Therefore all seasons shall be sweet to thee,
Whether summer clothe the general earth
With greeness, or the redbreast sit and sing
Betwixt the tufts of snow on the bare branch
Of mossy apple-tree, while the nigh thatch
Smokes in the sun-thaw; whether the eave-drops fall
Heard only in the trances of the blast,
Or if the secret ministry of frost
Shall hang them up in silent icicles,
Quietly shining to the quiet Moon.



Sunday, April 22, 2007

St George's Day




We English aren't very good at displaying patriotism these days but as April 23rd is St George's Day and St George is the patron saint of England I thought I would fly the flag and post this rather lovely poem written by Rupert Brooke in World War 1.

The Soldier

If I should die, think only this of me:
That there's some corner of a foreign field
That is for ever England. There shall be
In that rich earth a richer dust concealed;
A dust whom England bore, shaped, made aware,
Gave, once, her flowers to love, her ways to roam,
A body of England's, breathing English air,
Washed by the rivers, blest by suns of home.

And think, this heart, all evil shed away,
A pulse in the eternal mind, no less
Gives somewhere back the thoughts by England given;
Her sights and sounds; dreams happy as her day;
And laughter, learnt of friends; and gentleness,
In hearts at peace, under an English heaven.



An English country lane.

Alas, there are all too many corners of foreign fields that are forever England.

Happy St George's Day to all of you.

10 comments:

Remiman said...

Rowan,
Happy St. Georges day back to you. I can't say that I've heard of this day before, so thanks for bring a bit of learning to my door. The poem is magnificent. It tells of a person's being rooted no matter where they may be, and that a part of that stays with them always.
I completed all the household tasks, ie, cleaning, dusting, vacumning, and clothes washing in good order before D. arrived home at midnight on Saturday. She was fullfilled but exhausted.
rel

Ragged Roses said...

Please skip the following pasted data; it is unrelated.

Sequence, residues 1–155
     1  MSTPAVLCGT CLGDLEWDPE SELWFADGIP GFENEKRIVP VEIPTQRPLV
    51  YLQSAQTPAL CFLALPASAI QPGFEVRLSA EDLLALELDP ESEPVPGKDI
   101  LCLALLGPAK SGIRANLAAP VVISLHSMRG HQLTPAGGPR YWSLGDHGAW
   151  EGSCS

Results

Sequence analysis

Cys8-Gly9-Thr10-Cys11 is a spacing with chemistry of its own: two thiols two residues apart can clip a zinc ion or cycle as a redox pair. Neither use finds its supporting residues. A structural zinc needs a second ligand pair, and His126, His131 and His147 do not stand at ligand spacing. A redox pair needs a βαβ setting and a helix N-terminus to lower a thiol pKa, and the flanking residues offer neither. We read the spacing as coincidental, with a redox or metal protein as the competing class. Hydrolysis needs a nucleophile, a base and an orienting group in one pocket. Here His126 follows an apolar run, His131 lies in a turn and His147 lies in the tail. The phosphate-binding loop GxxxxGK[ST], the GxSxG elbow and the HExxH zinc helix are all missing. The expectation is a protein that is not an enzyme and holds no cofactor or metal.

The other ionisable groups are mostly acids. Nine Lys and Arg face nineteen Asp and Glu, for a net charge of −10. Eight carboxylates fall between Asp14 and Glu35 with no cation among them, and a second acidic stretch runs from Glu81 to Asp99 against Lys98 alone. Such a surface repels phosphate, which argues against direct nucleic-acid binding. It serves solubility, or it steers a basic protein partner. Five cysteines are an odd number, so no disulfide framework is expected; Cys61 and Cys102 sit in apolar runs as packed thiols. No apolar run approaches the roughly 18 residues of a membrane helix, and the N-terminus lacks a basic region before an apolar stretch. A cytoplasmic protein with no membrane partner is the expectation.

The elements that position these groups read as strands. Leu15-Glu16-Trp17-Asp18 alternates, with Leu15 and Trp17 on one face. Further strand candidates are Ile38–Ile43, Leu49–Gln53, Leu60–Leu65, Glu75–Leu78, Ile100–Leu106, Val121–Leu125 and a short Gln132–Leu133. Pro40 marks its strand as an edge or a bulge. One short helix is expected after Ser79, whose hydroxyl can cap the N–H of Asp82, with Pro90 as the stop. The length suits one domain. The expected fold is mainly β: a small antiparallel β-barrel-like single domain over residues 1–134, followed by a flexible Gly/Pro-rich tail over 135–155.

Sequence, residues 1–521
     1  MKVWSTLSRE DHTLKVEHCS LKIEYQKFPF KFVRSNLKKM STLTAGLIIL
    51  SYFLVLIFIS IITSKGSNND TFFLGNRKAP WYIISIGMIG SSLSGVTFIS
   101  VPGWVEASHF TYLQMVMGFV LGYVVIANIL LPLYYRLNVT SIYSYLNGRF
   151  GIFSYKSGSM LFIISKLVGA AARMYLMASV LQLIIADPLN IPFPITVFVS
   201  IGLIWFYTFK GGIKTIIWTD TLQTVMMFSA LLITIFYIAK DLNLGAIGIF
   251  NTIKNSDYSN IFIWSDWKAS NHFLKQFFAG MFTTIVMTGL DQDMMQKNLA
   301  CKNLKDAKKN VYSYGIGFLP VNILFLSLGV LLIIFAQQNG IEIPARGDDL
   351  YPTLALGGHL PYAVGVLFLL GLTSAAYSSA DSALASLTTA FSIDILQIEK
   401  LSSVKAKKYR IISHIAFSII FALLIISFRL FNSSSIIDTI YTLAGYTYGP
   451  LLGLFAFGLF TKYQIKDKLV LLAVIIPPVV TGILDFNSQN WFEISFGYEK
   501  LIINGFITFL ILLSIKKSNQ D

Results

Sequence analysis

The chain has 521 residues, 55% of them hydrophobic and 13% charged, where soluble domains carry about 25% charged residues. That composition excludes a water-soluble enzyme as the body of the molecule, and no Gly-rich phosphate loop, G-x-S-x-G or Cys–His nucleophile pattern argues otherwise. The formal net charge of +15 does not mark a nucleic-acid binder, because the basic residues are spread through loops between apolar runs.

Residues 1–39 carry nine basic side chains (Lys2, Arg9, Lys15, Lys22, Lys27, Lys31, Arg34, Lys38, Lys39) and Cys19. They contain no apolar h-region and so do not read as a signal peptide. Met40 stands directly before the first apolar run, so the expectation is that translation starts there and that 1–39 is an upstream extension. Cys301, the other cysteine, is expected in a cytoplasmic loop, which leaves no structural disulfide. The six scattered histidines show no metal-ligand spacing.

That poem never loses its resonance! Hope you have a happy day.
Kim x

tash said...

I think St. Georges day got lost somewhere, and tends now to be celebrated only by the far-right. Why? I have no idea, I think taking the time out to appreciate where we live is a lovely thing - although I don't think it's always interpreted like that.

I love England so much, the pastoral scenes, the towns, the hustle and bustle - but most of all the quiet, serene bits of England. We are very lucky to live in such a beautiful place :) I think Mr Brooke had it right, you know.

PAT said...

I've always loved beautiful England, even though I've never been!
Lovely poem and post, Rowan!

Pat
Back Porch Musings

Jacran Cottage said...

Happy St George's Day, Rowan! Is there anything special that you and your family do on this day?

peppylady said...

When I was in 4-H.

The group was called Saint Georges.

meggie said...

Happy St Geroge's Day.
I realise I am a day late now.

Kelli said...

I hope you had a wonderful St. George's Day, Rowan!
Kelli

La Tea Dah said...

Hi Rowan,

Thank you for visiting Gracious Hospitality --- and directing me to your lovely blog. I'm so glad to meet you! I enjoyed your post about St. George's day (it takes me back to my English roots; my grandfather was born in England and then immigrated to Canada). Your granddaughter is adorable! I will be back to read more of your lovely blog.

LaTeaDah

Ms Cin said...

Happy belated St. George's to you!

In the spring a young man's fancy may turn to love, but mine turns to England and the wonderful family I've acquired by marriage. I've been missing it a lot these days, particularly Rugby and Dunchurch, so I've been indulging by going through photos, and reading the copy of Forever England: The Life of Rupert Brooke that my mum-in-law gave me.

You are so very lucky to live in such a beautiful place.